FFSC Director Judge Laura Safer Espinoza: “We have taken the first steps on the road to international expansion”

The joint CIW/FFSC delegation met with FFP grower Bloomia’s operations in Chile (right), officials with government ministries and worker groups (top left) and visited rural and indigenous communities (bottom left)

As part of our “Build The Future” fundraising drive to raise $100,000, we are sharing stories from the broader Fair Food Nation. 

Today, Fair Food Standards Council Executive Director Judge Laura Safer Espinoza speaks about the next stage of the Fair Food Program. The FFP is going international, starting with farmworkers in Chile. Judge Espinoza shares exciting details of the joint FFSC/CIW delegation to Chile, where they met with everyone from government representatives, to worker and indigenous groups, food industry leaders and gender equity organizations:

The FFSC audited Araucania Flowers – Bloomia Chile’s greenhouses in Chile

In October of 2022, a joint team of CIW and FFSC staff traveled to the south of Chile to carry out the Fair Food Program’s first international worker education sessions and perform an entry audit toward certification at Araucania Flowers, a tulip grower in beautiful southern Chile.  Araucania is part of Bloomia, the largest East Coast flower grower in the U.S. and a leading Fair Food Program Participating Grower since the spring of 2021.  

Earlier this year — following a visit by CIW and FFSC leaders to Bloomia’s headquarters in Virginia, where the company had assembled the directors of it international branches from Chile, South Africa and The Netherlands to meet and discuss the Fair Food Program’s unique requirements and benefits — Bloomia decided to expand its commitment to the FFP’s gold standard protections across all its operations on other continents.  Araucania Flowers’ successful certification is the first stage of that pioneering expansion.  As a result, Fair Food Program protections now extend to its workers, and lovely tulips with the Fair Food Program label are reaching Chilean consumers, as well as consumers in a number of South American countries, through the company’s e-commerce.

Help the Fair Food Program expand to more countries across the globe, click here to donate!

The FFP delegation’s visit also attracted attention from multiple sectors of Chilean society, including all of those necessary to pave the road for additional program expansion. Members of the delegation met with the Minister of Agriculture and his key staff, as well as representatives of the Ministry of Women and Gender Equity and the Ministry of Labor. In a whirlwind week, meetings also took place with many worker and human rights organizations, including those representing women and indigenous workers, where members of the delegation were able to learn about the situations impacting agricultural workers ranging from wage theft and other violations of labor law, to sexual harassment and at the far end of the spectrum of abusive work environments, forced labor.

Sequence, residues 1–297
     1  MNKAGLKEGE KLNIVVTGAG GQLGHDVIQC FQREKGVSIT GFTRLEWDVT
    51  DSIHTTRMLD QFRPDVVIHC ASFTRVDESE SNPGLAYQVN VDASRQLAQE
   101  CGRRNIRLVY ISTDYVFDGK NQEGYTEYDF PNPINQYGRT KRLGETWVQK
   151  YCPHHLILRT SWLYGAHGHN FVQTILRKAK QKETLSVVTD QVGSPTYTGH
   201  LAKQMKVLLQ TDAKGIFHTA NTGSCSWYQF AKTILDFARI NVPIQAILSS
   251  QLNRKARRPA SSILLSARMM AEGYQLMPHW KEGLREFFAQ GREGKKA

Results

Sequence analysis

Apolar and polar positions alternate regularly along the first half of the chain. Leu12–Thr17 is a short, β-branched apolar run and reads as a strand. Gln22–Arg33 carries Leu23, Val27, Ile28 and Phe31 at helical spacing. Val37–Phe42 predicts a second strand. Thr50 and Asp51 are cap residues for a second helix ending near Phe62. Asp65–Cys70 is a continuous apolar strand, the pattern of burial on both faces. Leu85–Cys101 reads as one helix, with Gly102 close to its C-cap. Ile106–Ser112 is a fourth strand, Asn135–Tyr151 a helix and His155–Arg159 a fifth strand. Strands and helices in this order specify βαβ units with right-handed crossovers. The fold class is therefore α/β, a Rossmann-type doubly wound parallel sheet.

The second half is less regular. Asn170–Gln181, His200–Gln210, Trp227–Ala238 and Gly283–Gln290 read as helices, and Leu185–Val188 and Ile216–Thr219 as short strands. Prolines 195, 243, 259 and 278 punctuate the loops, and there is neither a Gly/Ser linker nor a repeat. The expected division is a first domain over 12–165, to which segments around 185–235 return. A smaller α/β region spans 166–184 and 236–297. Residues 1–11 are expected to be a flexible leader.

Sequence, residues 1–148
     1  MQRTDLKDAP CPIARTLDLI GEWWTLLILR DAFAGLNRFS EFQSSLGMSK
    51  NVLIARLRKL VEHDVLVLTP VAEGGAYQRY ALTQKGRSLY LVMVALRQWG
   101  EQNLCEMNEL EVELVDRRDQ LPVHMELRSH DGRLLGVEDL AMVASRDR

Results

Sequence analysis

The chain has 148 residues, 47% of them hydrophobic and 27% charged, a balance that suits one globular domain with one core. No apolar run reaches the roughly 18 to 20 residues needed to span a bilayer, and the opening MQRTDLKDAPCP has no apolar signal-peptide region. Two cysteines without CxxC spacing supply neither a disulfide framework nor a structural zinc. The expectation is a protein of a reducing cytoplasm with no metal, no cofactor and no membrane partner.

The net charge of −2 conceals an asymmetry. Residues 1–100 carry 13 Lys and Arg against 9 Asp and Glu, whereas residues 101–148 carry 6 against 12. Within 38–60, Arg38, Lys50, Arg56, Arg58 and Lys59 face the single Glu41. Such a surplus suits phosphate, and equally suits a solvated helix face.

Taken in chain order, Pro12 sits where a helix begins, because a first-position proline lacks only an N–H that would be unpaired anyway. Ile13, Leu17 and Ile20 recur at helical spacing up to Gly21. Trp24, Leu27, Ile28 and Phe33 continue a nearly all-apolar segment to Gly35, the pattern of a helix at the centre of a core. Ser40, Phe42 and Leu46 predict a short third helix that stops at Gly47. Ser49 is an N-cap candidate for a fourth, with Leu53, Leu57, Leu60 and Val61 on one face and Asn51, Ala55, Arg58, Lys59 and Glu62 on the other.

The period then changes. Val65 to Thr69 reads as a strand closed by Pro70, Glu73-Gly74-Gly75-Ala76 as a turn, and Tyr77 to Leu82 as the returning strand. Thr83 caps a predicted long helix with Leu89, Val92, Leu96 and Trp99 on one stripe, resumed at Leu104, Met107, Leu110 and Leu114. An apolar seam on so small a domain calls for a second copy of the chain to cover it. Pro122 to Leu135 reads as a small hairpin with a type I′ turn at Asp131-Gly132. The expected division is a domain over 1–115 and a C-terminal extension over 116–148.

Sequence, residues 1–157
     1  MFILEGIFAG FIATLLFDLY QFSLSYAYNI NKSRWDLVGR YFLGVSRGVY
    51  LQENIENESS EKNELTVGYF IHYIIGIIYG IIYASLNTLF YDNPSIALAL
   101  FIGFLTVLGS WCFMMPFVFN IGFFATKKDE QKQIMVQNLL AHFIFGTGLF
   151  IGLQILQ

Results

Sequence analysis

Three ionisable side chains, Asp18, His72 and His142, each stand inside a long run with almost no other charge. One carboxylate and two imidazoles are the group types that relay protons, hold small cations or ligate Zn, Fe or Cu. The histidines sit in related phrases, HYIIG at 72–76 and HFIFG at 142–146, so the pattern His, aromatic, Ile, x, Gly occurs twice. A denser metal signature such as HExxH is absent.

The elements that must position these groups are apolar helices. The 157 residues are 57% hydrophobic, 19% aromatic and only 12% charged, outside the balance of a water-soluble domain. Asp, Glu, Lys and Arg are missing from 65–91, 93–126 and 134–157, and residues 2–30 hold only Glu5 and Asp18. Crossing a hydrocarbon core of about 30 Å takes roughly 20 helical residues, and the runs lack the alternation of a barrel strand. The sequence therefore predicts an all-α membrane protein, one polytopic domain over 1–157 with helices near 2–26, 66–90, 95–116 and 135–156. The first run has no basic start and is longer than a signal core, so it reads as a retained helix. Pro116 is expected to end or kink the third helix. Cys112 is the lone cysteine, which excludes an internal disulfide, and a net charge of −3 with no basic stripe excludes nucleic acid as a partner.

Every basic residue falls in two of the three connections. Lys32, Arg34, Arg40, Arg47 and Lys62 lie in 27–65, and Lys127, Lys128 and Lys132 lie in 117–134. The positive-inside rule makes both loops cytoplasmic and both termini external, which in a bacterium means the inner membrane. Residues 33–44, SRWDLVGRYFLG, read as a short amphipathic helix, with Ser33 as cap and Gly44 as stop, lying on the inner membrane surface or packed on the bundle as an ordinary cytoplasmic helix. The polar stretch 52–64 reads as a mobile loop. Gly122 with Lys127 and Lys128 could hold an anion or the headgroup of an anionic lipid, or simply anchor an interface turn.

Fair Food Standards Council Executive Director Judge Laura Safer Espinoza speaks to the FFP’s success in Chile

Convened by regional representatives of the Ministry of Agriculture, many Chilean growers and grower associations also expressed serious interest in the risk prevention benefits of the Fair Food Program, as well as the preferential market access provided to the program’s participating buyers. Representatives of a number of Fair Food Program participating buyers with presence in Chile, as well as other national and international buyers also met with our delegation, and remain in communication concerning potential program expansion to other crops.

Finally, major universities in the southern cities of Valdivia and Temuco, sponsored events and seminars with press and social media coverage to disseminate the Fair Food Program message.  On the last day of the delegation, a seminar organized by Fundación LIBERA, an anti-trafficking organization involved in forced labor investigations, was organized in Santiago, with participation by the United Nations’ International Labor Organization (ILO), major Chilean labor federations and human rights experts. The delegation ended on a high note, at a private working session with numerous worker and grower organizations convened by the Ministry of Agriculture and the Ministry of Labor.

We have taken the first steps on the road to international expansion and with your support, the Fair Food Program will take advantage of all the doors that were opened during this groundbreaking trip and beyond, ensuring that many more workers who harvest the food we eat, wherever it comes from, can exercise their rights to be treated with dignity and respect.

We rely on generous supporters of the Fair Food Program to guarantee the rights of farmworkers, donate today by clicking here.